The Buddha is Still Teaching
The true Buddha isn’t limited to the body or mind of a particular person who lived long ago. He is present today, says Jack Kornfield, in teachers pointing the way to a timeless freedom.
teachings of the Buddha are called the Lion’s Roar, words of
fearlessness and unshakable freedom. On the night of his
enlightenment, the Buddha awakened to the vast and timeless peace of
nirvana. He proclaimed that the ropes of clinging and sorrow were
snapped, the clouds of confusion and fear dissipated, the powers of
aggression and doubt were defeated. He was silently and joyfully
forty-five years afterward, he wandered the dusty roads of India
proclaiming this freedom and teaching the path of wisdom and
compassion to all who had ears to hear. These teachings were
eventually written down as sutras, careful records of the teachings
of Buddha. These traditional texts include his instructions, his
dialogues with students, and accounts of his words pointing the way
to liberation. The earliest sutras date from more than twenty-five
hundred years ago, while others are teachings from the Buddha mind
written down by enlightened disciples in subsequent centuries.
words of the Buddha have great power. The ancient stories tell of
many who became enlightened simply by hearing him speak. Ananda, the
Buddha’s attendant, has depicted these teaching scenes for us,
describing how the monks and nuns were seated at the cool wood of
Tapoda or in Jivaka’s mango grove, or how a thousand followers were
gathered at Vulture Peak. As they listened to the Buddha, their
hearts were freed from entanglement in the changing conditions of the
world. Their understanding shifted from a limited sense of self,
caught in the illusion of separateness and clinging, to the peace of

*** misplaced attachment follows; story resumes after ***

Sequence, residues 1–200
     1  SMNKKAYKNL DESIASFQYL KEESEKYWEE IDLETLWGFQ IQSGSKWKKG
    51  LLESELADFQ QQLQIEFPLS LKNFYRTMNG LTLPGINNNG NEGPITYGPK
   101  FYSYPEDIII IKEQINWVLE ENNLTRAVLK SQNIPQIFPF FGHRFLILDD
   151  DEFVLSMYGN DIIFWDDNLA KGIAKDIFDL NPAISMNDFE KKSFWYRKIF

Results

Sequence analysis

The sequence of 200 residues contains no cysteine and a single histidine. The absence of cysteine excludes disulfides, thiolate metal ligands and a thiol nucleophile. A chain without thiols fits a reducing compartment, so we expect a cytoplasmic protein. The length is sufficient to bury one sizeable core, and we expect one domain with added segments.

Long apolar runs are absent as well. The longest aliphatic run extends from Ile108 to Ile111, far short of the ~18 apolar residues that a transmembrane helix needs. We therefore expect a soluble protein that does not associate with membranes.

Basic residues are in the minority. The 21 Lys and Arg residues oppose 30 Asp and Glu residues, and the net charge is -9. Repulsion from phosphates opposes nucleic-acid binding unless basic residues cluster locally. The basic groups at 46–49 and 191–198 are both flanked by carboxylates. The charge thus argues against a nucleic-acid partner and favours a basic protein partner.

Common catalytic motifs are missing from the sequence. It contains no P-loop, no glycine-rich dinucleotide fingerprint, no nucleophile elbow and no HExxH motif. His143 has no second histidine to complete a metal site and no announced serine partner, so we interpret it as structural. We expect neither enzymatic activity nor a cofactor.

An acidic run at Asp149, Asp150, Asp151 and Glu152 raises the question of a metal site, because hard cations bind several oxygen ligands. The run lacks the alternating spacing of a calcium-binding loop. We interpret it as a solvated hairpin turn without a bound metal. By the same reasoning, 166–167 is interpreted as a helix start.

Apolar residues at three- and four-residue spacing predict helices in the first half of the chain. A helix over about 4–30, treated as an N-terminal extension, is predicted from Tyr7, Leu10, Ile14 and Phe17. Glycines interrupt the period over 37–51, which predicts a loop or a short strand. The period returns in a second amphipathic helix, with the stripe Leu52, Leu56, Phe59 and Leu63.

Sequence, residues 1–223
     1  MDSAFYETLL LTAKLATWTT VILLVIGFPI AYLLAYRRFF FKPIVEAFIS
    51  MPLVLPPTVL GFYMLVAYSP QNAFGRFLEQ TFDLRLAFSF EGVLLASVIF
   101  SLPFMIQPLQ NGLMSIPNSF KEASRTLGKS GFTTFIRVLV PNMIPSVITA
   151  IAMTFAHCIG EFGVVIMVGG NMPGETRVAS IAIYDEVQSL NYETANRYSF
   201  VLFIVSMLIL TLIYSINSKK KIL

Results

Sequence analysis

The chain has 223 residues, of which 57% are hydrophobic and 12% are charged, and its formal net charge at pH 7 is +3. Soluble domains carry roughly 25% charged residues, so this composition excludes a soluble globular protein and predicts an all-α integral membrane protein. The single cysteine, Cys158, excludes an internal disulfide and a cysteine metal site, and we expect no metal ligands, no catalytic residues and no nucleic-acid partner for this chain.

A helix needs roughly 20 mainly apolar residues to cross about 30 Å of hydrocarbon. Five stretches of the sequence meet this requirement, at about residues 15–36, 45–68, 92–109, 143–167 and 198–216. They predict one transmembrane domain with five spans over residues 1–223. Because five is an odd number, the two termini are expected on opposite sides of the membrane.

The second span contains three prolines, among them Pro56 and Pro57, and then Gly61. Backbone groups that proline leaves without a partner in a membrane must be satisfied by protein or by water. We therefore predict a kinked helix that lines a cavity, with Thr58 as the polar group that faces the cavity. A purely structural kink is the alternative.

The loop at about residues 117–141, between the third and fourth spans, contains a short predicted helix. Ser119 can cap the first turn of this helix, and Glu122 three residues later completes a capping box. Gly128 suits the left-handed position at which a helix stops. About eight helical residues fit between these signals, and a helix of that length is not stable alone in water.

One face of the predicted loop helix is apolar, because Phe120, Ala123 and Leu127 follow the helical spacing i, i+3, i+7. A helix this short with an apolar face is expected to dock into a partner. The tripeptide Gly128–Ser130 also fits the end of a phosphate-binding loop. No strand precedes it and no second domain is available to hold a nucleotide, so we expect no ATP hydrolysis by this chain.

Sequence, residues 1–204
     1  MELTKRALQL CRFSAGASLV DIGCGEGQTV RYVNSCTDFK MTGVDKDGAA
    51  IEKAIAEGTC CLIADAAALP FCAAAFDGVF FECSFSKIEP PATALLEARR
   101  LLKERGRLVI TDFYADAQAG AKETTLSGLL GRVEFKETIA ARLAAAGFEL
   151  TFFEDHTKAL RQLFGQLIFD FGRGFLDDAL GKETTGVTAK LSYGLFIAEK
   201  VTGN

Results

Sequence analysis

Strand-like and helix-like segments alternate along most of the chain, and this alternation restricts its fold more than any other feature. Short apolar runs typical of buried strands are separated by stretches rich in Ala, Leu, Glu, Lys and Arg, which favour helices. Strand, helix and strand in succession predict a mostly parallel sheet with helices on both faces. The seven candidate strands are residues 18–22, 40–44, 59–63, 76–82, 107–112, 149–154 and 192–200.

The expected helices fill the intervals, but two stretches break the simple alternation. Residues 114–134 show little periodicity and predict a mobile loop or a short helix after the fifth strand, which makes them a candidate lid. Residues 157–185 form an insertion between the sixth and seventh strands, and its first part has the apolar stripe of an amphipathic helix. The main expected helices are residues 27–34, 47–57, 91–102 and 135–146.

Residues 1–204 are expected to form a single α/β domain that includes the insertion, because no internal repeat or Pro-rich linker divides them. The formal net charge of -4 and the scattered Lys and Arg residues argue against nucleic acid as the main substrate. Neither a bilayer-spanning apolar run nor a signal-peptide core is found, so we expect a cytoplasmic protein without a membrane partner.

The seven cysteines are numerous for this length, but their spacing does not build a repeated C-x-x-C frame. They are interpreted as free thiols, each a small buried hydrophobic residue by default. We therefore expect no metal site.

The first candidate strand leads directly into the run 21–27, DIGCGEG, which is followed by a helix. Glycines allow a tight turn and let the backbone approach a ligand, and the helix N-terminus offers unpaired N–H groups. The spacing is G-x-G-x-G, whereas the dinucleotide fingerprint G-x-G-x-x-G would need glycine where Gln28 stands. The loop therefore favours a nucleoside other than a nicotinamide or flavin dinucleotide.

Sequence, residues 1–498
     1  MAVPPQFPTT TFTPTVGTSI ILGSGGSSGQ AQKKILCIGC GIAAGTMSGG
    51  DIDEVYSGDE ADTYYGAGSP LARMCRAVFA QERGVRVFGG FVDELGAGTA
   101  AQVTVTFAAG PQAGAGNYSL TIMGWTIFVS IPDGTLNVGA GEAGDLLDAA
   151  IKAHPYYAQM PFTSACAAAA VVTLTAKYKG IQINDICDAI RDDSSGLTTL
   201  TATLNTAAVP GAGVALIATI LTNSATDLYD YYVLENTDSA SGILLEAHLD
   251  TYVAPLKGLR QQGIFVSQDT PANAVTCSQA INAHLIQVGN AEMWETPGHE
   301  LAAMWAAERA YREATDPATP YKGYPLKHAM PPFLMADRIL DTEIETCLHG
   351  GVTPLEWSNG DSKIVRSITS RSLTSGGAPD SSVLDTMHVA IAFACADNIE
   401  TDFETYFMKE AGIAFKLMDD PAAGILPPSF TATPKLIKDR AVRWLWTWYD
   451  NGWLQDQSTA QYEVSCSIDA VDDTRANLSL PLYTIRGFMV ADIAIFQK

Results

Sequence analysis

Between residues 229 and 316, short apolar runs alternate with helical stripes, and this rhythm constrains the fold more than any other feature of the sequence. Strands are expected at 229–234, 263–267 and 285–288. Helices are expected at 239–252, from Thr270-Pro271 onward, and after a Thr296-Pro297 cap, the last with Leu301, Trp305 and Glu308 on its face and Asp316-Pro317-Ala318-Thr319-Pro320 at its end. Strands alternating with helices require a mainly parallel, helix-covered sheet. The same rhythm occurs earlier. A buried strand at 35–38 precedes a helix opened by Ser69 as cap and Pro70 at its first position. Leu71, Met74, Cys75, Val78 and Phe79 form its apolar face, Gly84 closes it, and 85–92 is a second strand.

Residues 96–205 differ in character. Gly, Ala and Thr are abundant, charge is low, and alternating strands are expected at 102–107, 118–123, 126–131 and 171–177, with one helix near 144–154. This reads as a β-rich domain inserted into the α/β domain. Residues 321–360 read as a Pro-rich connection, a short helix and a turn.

nirvana, open and free. They tasted the joyful freedom experienced
when clinging, hatred, and ignorance drop away. Each time he taught,
the Buddha pointed the way to this timeless freedom.
the same way, the freedom taught by the Buddha is brought to life by
the teachers of awakening in modern times. When Zen Master Suzuki
Roshi first gave teachings on beginner’s mind, the hearts of many
of the students listening were opened to a freedom beyond past and
future. When the Dalai Lama took the teaching seat surrounded by
thousands of followers in New York’s Madison Square Garden, he
pointed the way to the same liberation and compassion as the Buddha.
When Sharon Salzberg and Pema Chödrön speak to crowds of students
on loving-kindness and compassion, the human suffering and sorrow of
all who listen, their conflicts and judgment, are all held in a vast
spaciousness of freedom that is our true nature.
makes these modern teachings authentic is the understanding that the
true Buddha is not limited to the body or mind of a particular man
who lived long ago. The Buddha himself explained this. In the ancient
sutras, there is a story of a devoted young monk who was so
enraptured that he spent weeks sitting at the feet of the Buddha,
simply gazing reverently at him as he taught. Finally the Buddha
chastised him, saying, “You do not even see me. To see the Buddha,
you must see the dharma, the truth. One who sees the dharma sees me.”
means both truth and the path to discover the truth. The dharma is
kept alive by all who follow the path. In the forest monasteries of
Asia, just before dawn, the monks and nuns gather in the Buddha hall
to meditate and to chant “ehipasiko, opanaiko, paccattang
veditabbho vinuhittii.” The dharma of liberation is “immediate,
open-handed, timeless, visible to the wise, to be experienced here
and now by each person in their own heart.” In every generation,
this invitation is repeated in an unbroken lineage of voices, a call
to live with the great freedom of a Buddha and to discover for
yourself the path of virtue, compassion, and wisdom.
from the Introduction to The Buddha Is Still Teaching:
Contemporary Buddhist Wisdom, by Jack Kornfield. Copyright 2010
by Jack Kornfield. Published by Shambhala Publications 2010. Adapted
with permission from Shambhala Publications. Click here for more info or to order the book.
From the November 2010 issue of the Shambhala Sun.